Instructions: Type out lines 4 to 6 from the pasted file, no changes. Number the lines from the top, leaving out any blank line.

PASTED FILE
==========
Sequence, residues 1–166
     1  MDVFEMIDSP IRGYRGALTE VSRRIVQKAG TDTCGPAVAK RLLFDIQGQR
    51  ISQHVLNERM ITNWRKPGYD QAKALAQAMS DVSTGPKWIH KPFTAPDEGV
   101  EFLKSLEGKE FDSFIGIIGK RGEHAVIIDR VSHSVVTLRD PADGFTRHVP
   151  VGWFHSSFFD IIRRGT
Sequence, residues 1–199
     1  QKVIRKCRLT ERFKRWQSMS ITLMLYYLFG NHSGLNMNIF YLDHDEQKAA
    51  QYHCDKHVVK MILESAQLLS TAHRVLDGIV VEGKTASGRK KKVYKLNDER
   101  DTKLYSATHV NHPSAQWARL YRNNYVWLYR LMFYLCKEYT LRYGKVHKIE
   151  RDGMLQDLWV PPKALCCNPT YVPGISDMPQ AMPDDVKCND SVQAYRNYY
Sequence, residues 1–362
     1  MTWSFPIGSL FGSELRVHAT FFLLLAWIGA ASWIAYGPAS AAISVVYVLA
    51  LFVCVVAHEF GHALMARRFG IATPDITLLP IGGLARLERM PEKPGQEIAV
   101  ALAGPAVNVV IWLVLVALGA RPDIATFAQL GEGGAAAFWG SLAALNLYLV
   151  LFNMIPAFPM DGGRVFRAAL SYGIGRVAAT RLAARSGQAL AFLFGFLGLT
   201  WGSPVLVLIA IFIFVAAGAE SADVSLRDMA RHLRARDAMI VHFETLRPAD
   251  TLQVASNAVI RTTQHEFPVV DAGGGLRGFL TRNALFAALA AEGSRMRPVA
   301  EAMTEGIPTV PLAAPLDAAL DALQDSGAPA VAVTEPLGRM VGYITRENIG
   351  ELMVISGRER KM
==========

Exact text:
   101  EFLKSLEGKE FDSFIGIIGK RGEHAVIIDR VSHSVVTLRD PADGFTRHVP
   151  VGWFHSSFFD IIRRGT
Sequence, residues 1–199